As with the launch of the initial HDTVs, there's not a lot of true Ultra HD content available yet. However, Sony will have its delivery system with the higher-definition "4K Ultra HD" movies on display at CES and other new entrants are expected.

The range in TV sizes will continue to expand, says Digital World Research analyst P.J. McNealy. He expects to see a 145-inch Ultra HD display from Panasonic, as well as small handheld high-def TVs and tablets from several makers. These trends will make "for a more interesting show than in past years, when the buzz was centered around 3-D TV," he says.

TV makers will continue to exploit viewers' use of smartphones and tablets while they watch TV. TV makers such as Panasonic, LG and Samsung let you use your smartphone to control their TVs, but you can expect better-integrated use of second-screen applications to be announced, Doherty says. TV makers "know you've got them (and) want to make you happy with them," he says.

Other trends expected at the show include a higher profile for security and surveillance technologies in the wake of the Newtown, Conn., school shooting. Remote cameras and other applications "will be featured a little bit more," McNealy says.

Expect audio to get more attention this year. As HDTV displays get larger but have less of a bezel framing them, there's less room for TV speakers -- and most built-in TV speakers fail when it comes to a premium sound experience anyway.

That means a bumper crop of sound-bar speakers that can be mounted or sit below the display. And many sound bars will be able to connect to TVs and other products over Wi-Fi, Bluetooth and Near-Field Communication radio waves.

There's a growing movement for better-sounding music, too. Portable music players that go beyond CD quality music will be on display, as will better-sounding speaker docks and other portable music innovations.

Making noise

Many music lovers who bought premium headphones such as the Beats By Dr. Dre products "are ready for the next level," says Noel Lee of Monster, which manufactured Beats By Dr. Dre products for five years before the two companies parted ways last year. "The feedback we are getting is, 'What's next? How do I get to higher quality?'" Lee says.

Increased attention to audio could suggest a slight shift toward CES' past. During the early days of the electronics show -- the first gathering was in New York in 1967 -- audio ruled. Now, audio and video products commingle with mobile devices and electronics integrated into cars and kitchen appliances. The increased size and variety of products at CES "drives companies to be better and not be stagnant, and drives awareness with consumers," Lee says.

Part of the reason many major product releases are done outside of CES is that the tech world moves too fast for companies to hold their unveilings for the annual show, says Stinziano of Samsung, which will leave new smartphones for other venues. "The pace of the industry is so fast," he says. "It's pretty difficult to keep anything secret from anybody anymore. Also, a lot of the innovation comes out of some technology demonstrations that we will do or others will do."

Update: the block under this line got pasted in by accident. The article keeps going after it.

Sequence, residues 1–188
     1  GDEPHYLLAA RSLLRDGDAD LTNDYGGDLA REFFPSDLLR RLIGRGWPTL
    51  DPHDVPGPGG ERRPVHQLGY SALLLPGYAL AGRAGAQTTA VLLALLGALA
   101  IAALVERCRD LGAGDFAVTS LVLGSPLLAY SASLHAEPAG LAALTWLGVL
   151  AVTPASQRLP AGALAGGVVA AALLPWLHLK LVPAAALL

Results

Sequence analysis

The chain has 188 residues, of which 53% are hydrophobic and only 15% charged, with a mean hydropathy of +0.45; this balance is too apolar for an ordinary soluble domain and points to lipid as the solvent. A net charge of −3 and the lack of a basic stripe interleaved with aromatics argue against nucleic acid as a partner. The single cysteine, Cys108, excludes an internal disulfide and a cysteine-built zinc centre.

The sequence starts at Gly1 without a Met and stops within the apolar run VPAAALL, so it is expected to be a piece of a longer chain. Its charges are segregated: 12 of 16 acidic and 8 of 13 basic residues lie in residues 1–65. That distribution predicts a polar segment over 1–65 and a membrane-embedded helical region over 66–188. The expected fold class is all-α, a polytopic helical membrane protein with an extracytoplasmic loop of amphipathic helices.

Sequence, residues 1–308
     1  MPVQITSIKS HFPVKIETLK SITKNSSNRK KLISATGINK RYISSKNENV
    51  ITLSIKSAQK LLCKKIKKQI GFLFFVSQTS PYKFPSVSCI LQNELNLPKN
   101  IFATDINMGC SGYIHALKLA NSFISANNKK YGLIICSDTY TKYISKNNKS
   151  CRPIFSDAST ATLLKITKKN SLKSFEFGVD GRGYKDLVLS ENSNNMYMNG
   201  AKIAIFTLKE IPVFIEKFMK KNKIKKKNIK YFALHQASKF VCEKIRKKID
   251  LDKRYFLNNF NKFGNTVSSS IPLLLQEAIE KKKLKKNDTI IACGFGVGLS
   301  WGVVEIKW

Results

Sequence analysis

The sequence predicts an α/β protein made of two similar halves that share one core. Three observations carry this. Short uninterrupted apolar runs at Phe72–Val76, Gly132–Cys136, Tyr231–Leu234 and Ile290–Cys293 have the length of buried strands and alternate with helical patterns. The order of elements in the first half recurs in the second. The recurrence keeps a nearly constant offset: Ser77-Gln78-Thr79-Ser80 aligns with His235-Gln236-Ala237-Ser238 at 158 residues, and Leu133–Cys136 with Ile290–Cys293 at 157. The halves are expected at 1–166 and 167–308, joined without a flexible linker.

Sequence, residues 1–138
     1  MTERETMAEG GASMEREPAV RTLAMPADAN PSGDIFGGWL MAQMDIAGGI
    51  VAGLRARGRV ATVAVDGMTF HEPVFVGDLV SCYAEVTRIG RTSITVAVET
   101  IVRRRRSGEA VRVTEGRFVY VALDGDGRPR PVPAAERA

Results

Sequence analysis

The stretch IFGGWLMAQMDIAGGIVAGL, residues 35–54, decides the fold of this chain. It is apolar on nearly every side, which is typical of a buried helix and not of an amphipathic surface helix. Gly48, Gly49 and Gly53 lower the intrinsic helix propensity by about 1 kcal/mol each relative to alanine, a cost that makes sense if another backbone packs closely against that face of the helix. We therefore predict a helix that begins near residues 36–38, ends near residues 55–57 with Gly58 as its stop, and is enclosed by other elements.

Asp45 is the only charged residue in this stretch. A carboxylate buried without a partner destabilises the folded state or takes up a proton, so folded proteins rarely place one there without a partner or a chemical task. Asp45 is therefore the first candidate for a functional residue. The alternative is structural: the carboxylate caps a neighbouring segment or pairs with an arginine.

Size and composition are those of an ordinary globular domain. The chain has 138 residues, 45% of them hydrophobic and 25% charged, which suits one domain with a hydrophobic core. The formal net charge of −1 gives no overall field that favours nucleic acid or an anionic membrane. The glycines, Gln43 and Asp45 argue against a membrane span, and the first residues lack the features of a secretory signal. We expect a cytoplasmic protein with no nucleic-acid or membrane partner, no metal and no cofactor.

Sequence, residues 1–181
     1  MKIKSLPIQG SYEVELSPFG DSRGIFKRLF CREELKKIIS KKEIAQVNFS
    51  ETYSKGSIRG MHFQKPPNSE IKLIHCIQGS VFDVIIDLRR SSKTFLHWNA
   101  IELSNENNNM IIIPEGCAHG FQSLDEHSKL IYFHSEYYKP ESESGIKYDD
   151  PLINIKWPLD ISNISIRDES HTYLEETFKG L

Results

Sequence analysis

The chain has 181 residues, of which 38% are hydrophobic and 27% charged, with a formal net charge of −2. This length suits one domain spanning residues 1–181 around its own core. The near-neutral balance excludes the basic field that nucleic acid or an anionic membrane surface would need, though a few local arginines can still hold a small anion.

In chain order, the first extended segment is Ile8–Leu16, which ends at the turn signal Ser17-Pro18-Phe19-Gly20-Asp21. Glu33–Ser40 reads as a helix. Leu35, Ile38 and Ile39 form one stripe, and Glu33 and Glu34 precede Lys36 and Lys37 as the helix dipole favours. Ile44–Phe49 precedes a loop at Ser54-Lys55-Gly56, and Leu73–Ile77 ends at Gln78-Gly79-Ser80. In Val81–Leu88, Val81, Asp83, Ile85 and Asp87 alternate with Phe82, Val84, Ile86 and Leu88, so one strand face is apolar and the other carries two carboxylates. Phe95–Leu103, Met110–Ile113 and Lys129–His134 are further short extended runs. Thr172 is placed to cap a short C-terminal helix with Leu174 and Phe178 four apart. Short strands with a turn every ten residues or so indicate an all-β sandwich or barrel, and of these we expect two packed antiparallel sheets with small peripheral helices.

Many companies now use CES as a sounding board or proving ground. As a result, there are more products floated at the show than actually hit the market.

For instance, those slim, splashy OLED TVs that were all the rage at last year's CES will be on display again. Although several TV makers expected to ship them late last year, that has yet to happen. Earlier this week, LG announced that its first OLED TVs will go on sale in South Korea next month with U.S. pricing and availability to come.

"The real frustration is that there is a high double-digit percentage of stuff that is shown (at CES) but doesn't ship," Doherty says. "It's a really popular stage, but it is so darn noisy and crowded right now that consumers aren't as able to trust it as much as, say, five or 10 years ago, as to where they should put their dollars for April and May and August."

As with tech advances, CES evolves. Even in the always-connected world, face-to-face meetings between product makers, buyers, investors and analysts still mean something, says Gary Shapiro, president of the Consumer Electronics Association, which puts on CES.

"The show is not just about innovation and technology, it's about human relationships and evaluating something in a five-sense environment where you could shake someone's hand," he says. "It's also about the discovery of things and serendipity."

As for the show's post-Microsoft popularity, business couldn't be better. International attendance is expected to surpass last year's mark of 35,000, and the show floor is completely sold. "If we had more space, we would have sold it," Shapiro says.

Among the exhibitors will be game company Razer, a CES returnee that last year introduced its conceptual Project Fiona gaming tablet and returns this year. Before graduating to a booth on the show floor several years ago, Razer showed off its PC and video game accessories in meeting rooms.

"It's a great venue for launching new products, because all the right people are there," says company co-founder and CEO Min-Liang Tan. "It tends to give a forward look at what the industry is headed towards. It's still the most important show of the year."

(c) Copyright 2013 USA TODAY, a division of Gannett Co. Inc.


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Source: Copyright USA TODAY 2013